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Ask any college student or soon-to-be college student about internships and they’ll probably tell you something similar to what Dana Rasmussen had to say.
“I think internships are a unique way for students to gain real-world experience in a chosen field to grow their skills, make connections and really see if something is a good fit for their career goals.”
Rasmussen is a 20-year-old health entrepreneurship and innovation major in the Edson College of Nursing and Health Innovation at ASU. Like many of her undergraduate peers, she was planning on doing an internship this summer. But, as the coronavirus reached pandemic levels, it became clear many traditional internships were not going to be happening, leaving Rasmussen and a lot of her peers scrambling.
Recognizing the need for an alternative to the quickly vanishing in-person internships, Clinical Professor Rick Hall, director of the HEALab and senior director of health innovation programs at Edson College, had an idea.
“We have great relationships with health-related businesses locally and around the country, some of whom have come through the HEALab or other ASU entrepreneurship programs, so why not tap that network to connect students with businesses in need to work on meaningful projects that would benefit everyone,” said Hall.
And so, the HEALab developed and launched the Healthcare Innovation Virtual Internship in just a matter of weeks.
Hall said he knew there would be interest in the program but he wasn’t prepared for just how much interest: “Even though we knew there was a need, the demand was still surprising and the quality of applicants we got on both sides of this surpassed our expectations.”
In total they had 90 students apply from 14 states and three countries. This included high school students and undergraduates. Rasmussen was one of them.
“If this wasn't available, I would not have been able to participate in an internship this summer. I am so grateful that the HEALab team was able to put together such a well-planned virtual internship experience on such short notice,” Rasmussen said.
In all, 17 companies applied to participate, including Humabiologics.
Mohammad Albanna, the founder and CEO of Humabiologics, has a long-standing relationship with the university and says offering internships is one of the ways he can give back to the community, while also helping to develop local talent.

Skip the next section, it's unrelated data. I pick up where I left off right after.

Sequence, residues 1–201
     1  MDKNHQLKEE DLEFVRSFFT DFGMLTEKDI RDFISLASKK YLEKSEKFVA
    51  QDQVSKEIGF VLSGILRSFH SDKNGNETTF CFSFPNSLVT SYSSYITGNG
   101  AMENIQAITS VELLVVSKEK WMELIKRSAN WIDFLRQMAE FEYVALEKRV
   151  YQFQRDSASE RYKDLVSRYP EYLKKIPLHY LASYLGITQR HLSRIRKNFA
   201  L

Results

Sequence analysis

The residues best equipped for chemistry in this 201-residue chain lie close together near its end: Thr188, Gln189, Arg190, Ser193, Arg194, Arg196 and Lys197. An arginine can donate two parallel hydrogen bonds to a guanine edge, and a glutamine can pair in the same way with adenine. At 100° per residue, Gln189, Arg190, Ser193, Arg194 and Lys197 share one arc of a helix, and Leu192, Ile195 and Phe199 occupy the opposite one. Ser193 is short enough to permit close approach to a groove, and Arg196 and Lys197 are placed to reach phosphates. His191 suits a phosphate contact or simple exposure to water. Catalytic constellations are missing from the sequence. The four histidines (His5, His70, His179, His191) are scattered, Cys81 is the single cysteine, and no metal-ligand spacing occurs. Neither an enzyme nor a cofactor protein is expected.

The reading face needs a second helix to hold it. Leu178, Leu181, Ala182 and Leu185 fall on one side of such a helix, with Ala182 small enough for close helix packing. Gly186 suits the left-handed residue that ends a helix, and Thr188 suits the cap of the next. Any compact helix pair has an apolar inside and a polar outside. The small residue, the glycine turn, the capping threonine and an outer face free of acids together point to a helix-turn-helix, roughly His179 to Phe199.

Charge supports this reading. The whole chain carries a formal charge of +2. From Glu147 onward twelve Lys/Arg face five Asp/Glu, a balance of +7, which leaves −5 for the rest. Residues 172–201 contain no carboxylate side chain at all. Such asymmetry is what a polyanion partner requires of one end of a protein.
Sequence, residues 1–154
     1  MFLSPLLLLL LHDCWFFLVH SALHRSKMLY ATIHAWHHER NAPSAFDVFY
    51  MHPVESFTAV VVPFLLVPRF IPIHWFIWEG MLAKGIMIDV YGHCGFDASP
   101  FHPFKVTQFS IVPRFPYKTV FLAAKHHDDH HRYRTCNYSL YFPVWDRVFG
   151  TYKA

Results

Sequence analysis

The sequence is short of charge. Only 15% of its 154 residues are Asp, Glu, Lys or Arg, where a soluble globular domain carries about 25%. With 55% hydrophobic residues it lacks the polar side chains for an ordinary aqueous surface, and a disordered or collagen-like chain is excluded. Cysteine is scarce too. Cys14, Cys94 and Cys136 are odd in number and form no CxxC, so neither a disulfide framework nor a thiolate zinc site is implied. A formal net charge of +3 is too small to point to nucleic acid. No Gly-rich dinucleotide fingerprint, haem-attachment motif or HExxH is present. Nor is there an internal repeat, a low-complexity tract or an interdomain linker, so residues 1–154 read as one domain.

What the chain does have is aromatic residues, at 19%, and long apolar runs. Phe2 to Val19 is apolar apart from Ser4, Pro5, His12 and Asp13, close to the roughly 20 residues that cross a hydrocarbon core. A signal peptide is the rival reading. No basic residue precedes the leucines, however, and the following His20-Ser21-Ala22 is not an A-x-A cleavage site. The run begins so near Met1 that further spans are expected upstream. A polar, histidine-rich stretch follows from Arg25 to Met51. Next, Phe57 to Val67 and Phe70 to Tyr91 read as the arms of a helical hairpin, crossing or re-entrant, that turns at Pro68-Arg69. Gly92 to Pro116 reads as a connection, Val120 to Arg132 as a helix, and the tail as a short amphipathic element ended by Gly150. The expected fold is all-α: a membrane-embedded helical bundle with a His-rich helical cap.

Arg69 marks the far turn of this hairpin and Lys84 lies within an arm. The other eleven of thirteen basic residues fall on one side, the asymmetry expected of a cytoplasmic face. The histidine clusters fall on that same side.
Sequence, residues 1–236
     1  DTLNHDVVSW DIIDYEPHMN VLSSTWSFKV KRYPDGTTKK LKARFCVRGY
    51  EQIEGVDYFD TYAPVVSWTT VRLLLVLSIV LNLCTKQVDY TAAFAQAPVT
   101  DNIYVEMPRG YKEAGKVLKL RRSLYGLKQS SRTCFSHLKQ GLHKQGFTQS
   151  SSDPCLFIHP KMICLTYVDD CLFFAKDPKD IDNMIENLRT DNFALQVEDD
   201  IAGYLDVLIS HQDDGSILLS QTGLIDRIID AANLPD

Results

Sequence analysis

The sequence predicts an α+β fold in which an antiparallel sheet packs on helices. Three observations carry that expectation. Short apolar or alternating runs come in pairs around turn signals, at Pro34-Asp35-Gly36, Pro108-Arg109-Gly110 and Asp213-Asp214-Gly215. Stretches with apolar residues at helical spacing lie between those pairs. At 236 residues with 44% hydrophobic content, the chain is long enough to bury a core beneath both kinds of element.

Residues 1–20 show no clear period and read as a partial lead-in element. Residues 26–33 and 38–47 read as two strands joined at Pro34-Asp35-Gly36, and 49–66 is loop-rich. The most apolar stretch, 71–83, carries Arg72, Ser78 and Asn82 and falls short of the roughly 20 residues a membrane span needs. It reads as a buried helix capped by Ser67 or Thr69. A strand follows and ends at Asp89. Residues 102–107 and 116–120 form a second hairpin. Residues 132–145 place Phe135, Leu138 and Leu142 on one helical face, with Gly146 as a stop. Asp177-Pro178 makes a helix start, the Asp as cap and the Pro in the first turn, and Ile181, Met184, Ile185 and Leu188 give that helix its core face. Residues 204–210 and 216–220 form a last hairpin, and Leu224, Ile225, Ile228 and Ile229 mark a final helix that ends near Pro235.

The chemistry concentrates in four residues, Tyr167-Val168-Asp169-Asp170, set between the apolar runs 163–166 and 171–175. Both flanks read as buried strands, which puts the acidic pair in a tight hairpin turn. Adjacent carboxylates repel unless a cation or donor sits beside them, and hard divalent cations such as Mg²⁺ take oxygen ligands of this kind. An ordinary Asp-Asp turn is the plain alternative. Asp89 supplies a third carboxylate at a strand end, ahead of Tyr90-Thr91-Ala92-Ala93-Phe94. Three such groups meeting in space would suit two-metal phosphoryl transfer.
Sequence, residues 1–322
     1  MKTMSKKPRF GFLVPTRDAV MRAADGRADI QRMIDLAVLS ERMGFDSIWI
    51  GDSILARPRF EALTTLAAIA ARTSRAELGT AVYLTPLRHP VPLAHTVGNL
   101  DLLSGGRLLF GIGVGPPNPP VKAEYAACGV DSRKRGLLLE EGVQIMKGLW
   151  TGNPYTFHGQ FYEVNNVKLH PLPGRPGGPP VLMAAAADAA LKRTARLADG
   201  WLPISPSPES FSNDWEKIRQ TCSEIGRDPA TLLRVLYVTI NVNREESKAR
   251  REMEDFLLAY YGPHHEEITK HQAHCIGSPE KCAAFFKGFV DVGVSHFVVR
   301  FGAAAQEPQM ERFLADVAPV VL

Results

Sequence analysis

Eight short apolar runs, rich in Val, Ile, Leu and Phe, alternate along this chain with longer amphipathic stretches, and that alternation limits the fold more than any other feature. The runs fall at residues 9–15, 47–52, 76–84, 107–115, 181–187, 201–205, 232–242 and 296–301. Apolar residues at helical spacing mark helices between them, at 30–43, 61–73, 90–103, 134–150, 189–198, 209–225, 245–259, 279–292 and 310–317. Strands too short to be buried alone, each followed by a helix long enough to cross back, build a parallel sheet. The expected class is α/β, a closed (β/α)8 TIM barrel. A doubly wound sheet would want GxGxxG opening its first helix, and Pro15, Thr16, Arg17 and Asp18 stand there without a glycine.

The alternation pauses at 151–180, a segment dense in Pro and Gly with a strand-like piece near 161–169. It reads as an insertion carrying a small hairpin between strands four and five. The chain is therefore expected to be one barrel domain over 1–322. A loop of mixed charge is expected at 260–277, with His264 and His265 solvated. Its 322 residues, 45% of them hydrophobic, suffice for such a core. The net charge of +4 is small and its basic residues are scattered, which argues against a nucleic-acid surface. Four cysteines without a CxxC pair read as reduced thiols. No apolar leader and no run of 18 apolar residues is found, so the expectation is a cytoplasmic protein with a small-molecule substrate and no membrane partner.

“When we provide internships to students in Arizona, not only do we empower and increase the pool of talent available for us as Arizona companies to leverage in the future, but also for other industries outside the state,” he explained.
During the program, Humabiologics hosted six students who worked in teams to conduct a thorough market analysis on products and explore opportunities of untapped markets.
Albanna described the experience of working with the students as fantastic and said they were happy with “the amount of time and dedication these students put into these projects and the outcomes we got, which will help in our future business decisions.”
This internship program was not for credit, serving strictly for experience, resume-building and networking. The HEALab team coordinated a two-week structured internship, pairing students with businesses who then had them work on specific projects. From there, it was up to the participants to determine what happened next.
Albanna says they hired an intern from the program due to “his impressive quality of work and ability and speed in learning new things.”
Rasmussen worked with Securisyn Medical, a medical technology company and past participant in the Mayo Clinic and ASU MedTech Accelerator, for her internship. The project she was part of revolved around future product development research, an area that was new to her. Even so, she was able to pick it up quickly, impressing herself and the team at Securisyn who wanted to continue the relationship.
“It is because of this opportunity that I have been able to intern directly with Securisyn for the whole summer, growing my skills and network,” she said.
While the Healthcare Innovation Virtual Internship started out as an alternative option, Hall confirms that their early success has them considering doing this again.
“We know that we can do this now and do it well," he said. "So if we can fulfill a need by creating new and interesting opportunities for students around the globe to gain real-world experience with health care businesses in a virtual environment, I think that’s worth seriously looking into.”
About the HEALab
In partnership with ASU’s E+I programs, the development of Edson College of Nursing and Health Innovation's Health Entrepreneurship Accelerator Lab is the first-ever accelerator for students, faculty and the community at ASU to launch initiatives that focus entirely on health and health care solutions. Through outreach, programming, networking, strategic partnerships and mentorship, the lab supports startup activities by connecting students to its own resources, the knowledge base of the expert faculty and the resources of the university and community.